Early in 2014, there was a significant volume of debate about changes proposed to the Worker Dispatch Law by Prime Minister Shinzo Abe’s administration.
The current law—which was introduced in 1986 and last amended in 2012—concerns temporary and despatched workers who have an employment contract with a worker despatching agency, but who work under the direction of the agency’s client company.
According to the law as it stands, employers cannot hire the same despatched workers in the same job for more than three years. The logic behind this is that any position open for more than three years should be considered a permanent job. The exceptions are jobs that require special skills and fall into 26 designated categories.
The primary aim of the proposed change to the law is the abolition of the time limit for jobs outside the 26 categories. This would mean no one despatched worker in any position could be in the same job for more than three years. But the proposed revision seems odd for a number of reasons.
First, although at times keeping high-performance despatched workers in their assigned jobs indefinitely would benefit employers, the revision to the law means they cannot do so.
Even now, the three-year limitation is often circumvented, with employers sufficiently changing the job description and requirements to state that the despatched worker is doing a different job, thereby avoiding both losing staff every three years and having to change jobs for despatched workers to permanent positions.
Second, the change neither encourages employers to create permanent positions, nor does it make it easier to maintain a stable workforce of despatched staff.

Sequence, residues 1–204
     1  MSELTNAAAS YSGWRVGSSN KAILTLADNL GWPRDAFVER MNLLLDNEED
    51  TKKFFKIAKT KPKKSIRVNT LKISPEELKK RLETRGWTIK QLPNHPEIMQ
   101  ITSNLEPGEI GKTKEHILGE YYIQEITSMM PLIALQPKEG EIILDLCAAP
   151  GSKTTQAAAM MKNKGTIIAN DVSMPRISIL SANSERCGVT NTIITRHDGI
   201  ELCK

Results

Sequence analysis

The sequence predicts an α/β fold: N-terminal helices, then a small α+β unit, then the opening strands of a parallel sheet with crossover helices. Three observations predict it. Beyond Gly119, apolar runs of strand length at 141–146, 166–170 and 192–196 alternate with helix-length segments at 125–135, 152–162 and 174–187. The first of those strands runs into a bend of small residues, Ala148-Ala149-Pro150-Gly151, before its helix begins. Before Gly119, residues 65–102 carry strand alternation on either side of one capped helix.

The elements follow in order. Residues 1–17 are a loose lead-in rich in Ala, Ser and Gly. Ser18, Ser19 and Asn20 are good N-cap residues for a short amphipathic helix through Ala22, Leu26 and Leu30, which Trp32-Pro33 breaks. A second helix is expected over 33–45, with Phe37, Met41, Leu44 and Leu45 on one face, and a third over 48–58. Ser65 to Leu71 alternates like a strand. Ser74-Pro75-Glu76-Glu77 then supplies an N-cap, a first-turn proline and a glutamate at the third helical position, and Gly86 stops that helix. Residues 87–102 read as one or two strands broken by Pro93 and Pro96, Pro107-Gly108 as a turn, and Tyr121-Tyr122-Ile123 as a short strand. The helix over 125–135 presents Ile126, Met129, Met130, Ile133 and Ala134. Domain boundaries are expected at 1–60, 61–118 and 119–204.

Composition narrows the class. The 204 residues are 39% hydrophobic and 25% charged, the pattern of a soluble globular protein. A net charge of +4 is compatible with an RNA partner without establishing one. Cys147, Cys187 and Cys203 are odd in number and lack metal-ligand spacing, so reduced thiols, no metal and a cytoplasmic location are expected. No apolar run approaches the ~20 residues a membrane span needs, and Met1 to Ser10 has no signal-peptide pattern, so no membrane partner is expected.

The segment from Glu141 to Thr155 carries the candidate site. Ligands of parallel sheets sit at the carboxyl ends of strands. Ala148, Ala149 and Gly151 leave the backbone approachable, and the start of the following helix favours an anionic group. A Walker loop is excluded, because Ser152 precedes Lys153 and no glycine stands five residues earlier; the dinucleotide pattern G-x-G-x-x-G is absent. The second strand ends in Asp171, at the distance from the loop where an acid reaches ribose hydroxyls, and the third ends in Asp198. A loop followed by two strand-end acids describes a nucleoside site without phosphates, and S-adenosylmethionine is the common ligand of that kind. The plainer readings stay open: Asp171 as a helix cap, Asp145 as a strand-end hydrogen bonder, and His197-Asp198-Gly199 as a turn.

Regardless of performance, many of the staff now in the 26 designated categories—particularly those in IT-related roles and doing skilled secretarial or translation work—will have to be released after three years.
Third, and most important, the revision does not address the areas to which most permanent jobs have been lost: part-time and fixed-term employment.
All too often, the Worker Dispatch Law is associated with a decline in Japan’s lifetime employment. For example, the 2012 Employment Status Survey by the Ministry of Internal Affairs and Communications indicates that almost one-third of the men in the working population are in non-permanent work, while the same may be said for over half the women.
But these statistics fail to reveal that most of the non-regular work is part-time and fixed-term, while the ratio of the workforce engaged as despatched workers is only about 3–4%.
This shows that the major change to the country’s employment structure has come not from Japan’s shift away from the lifetime employment paradigm but, rather, from the increased number of part-time and fixed-term employees.
As the current proposed changes stand, it is not clear how the new law might address these major issues, while there is a risk that it might even further complicate the status of despatched workers and despatch agencies.
Now, let us turn to a perhaps more pertinent workforce issue: the participation of women. This has recently been in the spotlight, thanks to the Abe administration’s stated goal of having 30% of senior positions filled with women by 2020. Women account for the majority of non-regular workers and over two-thirds of despatched workers (a small ratio compared with part-timers and fixed-term staff).
Proposed changes to the law thus might do well to focus on ways of enabling women to balance family and career, and give them avenues not only to exit the workforce but to re-enter it in a meaningful way.
The irony is that the current rules governing despatched workers often make it much easier for employers to decide on hiring employees with family constraints, and gaps in either employment or experience. This has the potential to enable employees to acquire the new skills needed to gain regular employment.
Certainly any changes to the Worker Dispatch Law should be aimed at creating more opportunities, rather than less. Moreover, changes regarding the hiring of staff should encourage employers to commit to the long-term—as opposed to the restricted—hiring of staff.